Capt. Hook is possibly one of the most notorious villians in childrens literature. He’s certainly my favourite, so I had to grab this book the moment I saw it. J.V. Hart (the same man who wrote the screenplay for the movie Hook) has written about Hook’s childhood, and how he went about becoming the character we all know and love him to be.
It starts when James begins to attend a boys boarding school. He is the bastard child of a Lord of the Queen’s court, and is judged by the fact that he is a bastard by most people he meets. The kids at Eton are, for the most part, exactly the same. And oh, the kids at Eton are horrible! Or at least, the older kids at Eton are horrible. James is a determined, though, to not let the older kids lord it over him right from the beginning when he draws his umbrella (as I’m sure it’s only because he didn’t have a sword handy) on one Arthur Darling. This, of course, is only the beginning of the animosty between the two boys.
Things escalate when James, the girl he loves, and his best friend, attempt to commandeer a boat. And this is where all the fun starts, let me tell you.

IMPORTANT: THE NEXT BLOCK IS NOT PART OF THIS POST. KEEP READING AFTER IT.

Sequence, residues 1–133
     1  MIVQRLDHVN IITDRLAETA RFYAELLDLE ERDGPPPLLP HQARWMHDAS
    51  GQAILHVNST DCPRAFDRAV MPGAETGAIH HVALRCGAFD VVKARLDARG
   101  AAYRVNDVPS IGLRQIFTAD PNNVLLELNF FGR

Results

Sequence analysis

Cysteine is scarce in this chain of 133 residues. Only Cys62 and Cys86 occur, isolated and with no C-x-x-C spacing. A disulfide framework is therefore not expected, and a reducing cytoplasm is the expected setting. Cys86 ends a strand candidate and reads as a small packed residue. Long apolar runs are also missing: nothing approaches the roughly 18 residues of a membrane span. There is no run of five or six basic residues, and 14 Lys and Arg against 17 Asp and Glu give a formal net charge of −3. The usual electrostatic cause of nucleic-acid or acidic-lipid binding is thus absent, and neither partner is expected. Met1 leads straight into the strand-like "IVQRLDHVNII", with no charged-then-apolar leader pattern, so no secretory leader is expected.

You know how with some books, you can fall in love in an instant? You were enjoying it alright, but then all of a sudden out of the blue, BAM! You’re in love with it. That happened to me in the middle of the fifth chapter of this book, with one sentence:
The vengeful young man had discovered a universal truth that his adversary had known since his early days with Aunt Emily entertaining her theatrical friends – for every life situation there is a fitting quote from the hand of Shakespeare.
Any book that talks about how wonderful quoting Shakespeare is, is automatically going to be a wonderful book in my opinion. Especially a children’s book! It’s like… a wonderful dream come true where everyone uses wonderful phrases and words and … oh hurrah!
Also, for someone who loves the bratty kids that everyone else seems to hate, I was certainly in my element. There were so many kids to hate in this book! Okay, maybe not that many, but Hook was certainly a little brat, and then there was Arthur Darling and his gang who were completely horrible too. It was wonderful! I couldn’t decide who I loved all the more, and that’s very unusual for me.
The book has also given me a bit more of insight into the character of Hook. Now, though, I’m really wanting to see the first couple of meetings between Hook and Pan.